Do Infrastructure Reforms Reduce the Effect of Corruption? Theory and Evidence from Latin America and the Caribbean

68 Pages Posted: 20 Apr 2016

Date Written: August 1, 2013

Abstract

This paper investigates the interaction between corruption and governance at the sector level. A simple model illustrates how both an increase in regulatory autonomy and privatization may influence the effect of corruption. The interaction is analyzed empirically using a fixed-effects estimator on a panel of 153 electricity distribution firms across 18 countries in Latin America and the Caribbean from 1995--2007. Greater corruption is associated with lower firm labor productivity, but this association is reduced when an independent regulatory agency is present. These results survive a range of robustness checks, including instrumenting for regulatory governance, controlling for a large range of observables, and using several different corruption measures. The association between corruption and productivity also appears weaker for privately owned firms compared to publicly owned firms, though this result is somewhat less robust.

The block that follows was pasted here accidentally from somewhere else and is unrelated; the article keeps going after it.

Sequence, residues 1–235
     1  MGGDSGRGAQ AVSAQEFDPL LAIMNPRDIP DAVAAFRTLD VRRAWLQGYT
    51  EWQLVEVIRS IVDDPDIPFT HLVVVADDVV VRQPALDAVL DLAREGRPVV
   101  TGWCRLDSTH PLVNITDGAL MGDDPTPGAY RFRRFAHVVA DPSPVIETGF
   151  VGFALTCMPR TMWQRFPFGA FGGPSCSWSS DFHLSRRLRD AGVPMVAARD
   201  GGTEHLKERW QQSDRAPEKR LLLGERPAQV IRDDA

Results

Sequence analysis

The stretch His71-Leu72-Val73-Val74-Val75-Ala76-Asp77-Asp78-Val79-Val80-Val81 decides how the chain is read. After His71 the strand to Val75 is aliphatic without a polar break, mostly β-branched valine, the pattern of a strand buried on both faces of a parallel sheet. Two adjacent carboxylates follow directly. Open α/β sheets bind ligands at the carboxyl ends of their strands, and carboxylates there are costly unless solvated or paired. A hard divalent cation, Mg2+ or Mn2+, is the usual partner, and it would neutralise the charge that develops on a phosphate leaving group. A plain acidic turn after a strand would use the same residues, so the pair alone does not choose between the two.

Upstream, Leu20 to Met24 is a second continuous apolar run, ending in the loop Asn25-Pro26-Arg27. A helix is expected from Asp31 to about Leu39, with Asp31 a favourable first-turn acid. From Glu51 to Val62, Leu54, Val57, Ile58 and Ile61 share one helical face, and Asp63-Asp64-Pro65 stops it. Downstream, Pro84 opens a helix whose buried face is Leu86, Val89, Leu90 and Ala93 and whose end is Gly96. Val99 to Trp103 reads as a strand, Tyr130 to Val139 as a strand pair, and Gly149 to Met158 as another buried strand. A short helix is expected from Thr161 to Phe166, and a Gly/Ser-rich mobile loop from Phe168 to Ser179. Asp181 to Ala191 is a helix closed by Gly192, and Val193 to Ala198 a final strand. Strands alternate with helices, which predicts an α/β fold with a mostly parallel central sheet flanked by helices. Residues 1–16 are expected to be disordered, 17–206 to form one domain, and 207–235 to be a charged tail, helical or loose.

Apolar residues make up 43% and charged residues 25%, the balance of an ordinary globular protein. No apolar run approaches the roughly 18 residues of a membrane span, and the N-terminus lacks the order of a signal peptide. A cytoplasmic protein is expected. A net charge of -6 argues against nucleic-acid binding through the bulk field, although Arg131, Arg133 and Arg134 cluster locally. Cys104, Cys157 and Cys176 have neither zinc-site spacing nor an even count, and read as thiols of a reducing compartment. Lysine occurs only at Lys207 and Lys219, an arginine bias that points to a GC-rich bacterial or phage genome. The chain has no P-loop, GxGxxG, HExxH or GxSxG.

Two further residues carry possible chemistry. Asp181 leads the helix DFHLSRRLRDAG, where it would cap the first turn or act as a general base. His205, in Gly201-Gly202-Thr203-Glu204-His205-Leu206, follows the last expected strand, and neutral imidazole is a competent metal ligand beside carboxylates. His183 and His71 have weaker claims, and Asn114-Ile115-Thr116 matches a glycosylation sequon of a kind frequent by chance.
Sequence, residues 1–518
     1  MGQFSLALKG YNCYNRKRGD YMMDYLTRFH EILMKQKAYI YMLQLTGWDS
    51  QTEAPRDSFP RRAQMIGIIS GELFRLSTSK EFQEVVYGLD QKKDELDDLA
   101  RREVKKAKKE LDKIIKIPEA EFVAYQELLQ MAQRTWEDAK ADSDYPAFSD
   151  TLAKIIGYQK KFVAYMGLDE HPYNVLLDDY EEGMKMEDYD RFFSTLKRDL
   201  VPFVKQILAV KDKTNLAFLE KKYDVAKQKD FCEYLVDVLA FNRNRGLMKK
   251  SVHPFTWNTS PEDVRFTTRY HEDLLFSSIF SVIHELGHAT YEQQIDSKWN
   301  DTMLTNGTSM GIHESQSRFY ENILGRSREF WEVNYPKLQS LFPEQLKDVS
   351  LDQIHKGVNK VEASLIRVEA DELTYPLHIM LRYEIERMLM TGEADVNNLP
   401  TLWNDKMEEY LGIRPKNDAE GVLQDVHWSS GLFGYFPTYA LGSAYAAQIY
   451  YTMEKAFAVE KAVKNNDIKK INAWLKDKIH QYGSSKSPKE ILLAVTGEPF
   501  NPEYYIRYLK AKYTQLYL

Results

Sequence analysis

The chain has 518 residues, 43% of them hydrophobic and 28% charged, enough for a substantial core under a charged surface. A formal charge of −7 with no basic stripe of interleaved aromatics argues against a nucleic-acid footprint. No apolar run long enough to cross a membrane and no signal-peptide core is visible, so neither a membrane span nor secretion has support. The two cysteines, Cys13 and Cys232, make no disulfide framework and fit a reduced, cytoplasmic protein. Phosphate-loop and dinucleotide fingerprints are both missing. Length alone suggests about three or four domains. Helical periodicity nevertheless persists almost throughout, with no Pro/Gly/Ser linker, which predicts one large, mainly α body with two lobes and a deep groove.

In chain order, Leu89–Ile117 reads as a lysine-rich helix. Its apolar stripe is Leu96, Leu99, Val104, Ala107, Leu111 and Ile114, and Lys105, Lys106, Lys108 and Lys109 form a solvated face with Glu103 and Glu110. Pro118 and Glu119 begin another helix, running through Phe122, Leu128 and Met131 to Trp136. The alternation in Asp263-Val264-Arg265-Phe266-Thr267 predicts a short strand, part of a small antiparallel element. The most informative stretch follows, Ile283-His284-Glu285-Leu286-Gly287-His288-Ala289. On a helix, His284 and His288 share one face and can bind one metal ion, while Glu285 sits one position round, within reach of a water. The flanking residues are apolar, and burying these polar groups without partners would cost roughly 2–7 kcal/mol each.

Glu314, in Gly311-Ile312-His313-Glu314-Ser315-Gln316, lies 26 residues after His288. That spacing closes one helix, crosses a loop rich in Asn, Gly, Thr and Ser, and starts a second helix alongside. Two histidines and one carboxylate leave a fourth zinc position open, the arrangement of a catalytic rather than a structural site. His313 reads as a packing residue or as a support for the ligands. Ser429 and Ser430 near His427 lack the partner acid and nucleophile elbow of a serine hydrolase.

Keywords: Public Sector Corruption & Anticorruption Measures, National Governance, Governance Indicators, Banks & Banking Reform, Economic Theory & Research

Suggested Citation

Wren-Lewis, Liam, Do Infrastructure Reforms Reduce the Effect of Corruption? Theory and Evidence from Latin America and the Caribbean (August 1, 2013). World Bank Policy Research Working Paper No. 6559. Available at SSRN: https://ssrn.com/abstract=2307805

Liam Wren-Lewis (Contact Author)

Paris School of Economics (PSE) ( email )

48 Boulevard Jourdan
Paris, 75014 75014
France

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